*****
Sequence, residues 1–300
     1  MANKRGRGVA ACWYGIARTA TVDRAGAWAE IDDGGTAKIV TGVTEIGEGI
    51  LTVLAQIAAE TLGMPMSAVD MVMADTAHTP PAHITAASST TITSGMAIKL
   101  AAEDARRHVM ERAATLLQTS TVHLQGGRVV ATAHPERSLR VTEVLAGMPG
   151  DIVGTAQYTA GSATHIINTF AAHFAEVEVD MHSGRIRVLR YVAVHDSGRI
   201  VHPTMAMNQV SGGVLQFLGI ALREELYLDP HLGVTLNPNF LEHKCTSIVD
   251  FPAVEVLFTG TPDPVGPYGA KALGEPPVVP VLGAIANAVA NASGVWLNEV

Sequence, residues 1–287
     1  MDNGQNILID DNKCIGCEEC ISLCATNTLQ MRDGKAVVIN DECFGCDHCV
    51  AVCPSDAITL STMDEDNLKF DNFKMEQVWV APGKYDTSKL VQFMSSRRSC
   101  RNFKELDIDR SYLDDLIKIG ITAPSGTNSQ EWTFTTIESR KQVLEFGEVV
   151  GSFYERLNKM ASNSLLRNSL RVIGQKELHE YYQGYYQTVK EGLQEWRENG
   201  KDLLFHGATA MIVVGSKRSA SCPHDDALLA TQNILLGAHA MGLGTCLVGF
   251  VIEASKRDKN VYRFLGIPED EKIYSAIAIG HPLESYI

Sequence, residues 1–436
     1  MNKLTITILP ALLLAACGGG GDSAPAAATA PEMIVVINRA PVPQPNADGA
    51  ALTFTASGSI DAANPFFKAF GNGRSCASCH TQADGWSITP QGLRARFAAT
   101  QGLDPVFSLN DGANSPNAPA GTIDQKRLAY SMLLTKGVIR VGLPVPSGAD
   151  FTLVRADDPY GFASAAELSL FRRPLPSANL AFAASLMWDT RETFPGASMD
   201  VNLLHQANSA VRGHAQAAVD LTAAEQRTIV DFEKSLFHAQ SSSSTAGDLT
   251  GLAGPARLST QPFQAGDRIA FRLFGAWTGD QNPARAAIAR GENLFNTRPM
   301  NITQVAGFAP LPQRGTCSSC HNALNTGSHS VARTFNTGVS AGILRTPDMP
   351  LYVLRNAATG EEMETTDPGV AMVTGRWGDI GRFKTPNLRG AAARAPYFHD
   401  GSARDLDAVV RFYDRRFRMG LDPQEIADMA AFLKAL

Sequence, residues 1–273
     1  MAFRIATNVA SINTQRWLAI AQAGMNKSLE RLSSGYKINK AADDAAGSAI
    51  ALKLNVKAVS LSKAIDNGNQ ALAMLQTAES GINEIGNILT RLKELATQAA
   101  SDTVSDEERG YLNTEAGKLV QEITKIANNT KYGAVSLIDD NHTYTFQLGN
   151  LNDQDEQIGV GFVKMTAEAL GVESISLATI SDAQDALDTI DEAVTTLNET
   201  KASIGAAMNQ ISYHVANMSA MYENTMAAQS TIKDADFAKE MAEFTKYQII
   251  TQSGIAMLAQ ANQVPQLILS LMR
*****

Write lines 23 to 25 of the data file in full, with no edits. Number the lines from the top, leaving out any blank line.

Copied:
   351  LYVLRNAATG EEMETTDPGV AMVTGRWGDI GRFKTPNLRG AAARAPYFHD
   401  GSARDLDAVV RFYDRRFRMG LDPQEIADMA AFLKAL

Sequence, residues 1–273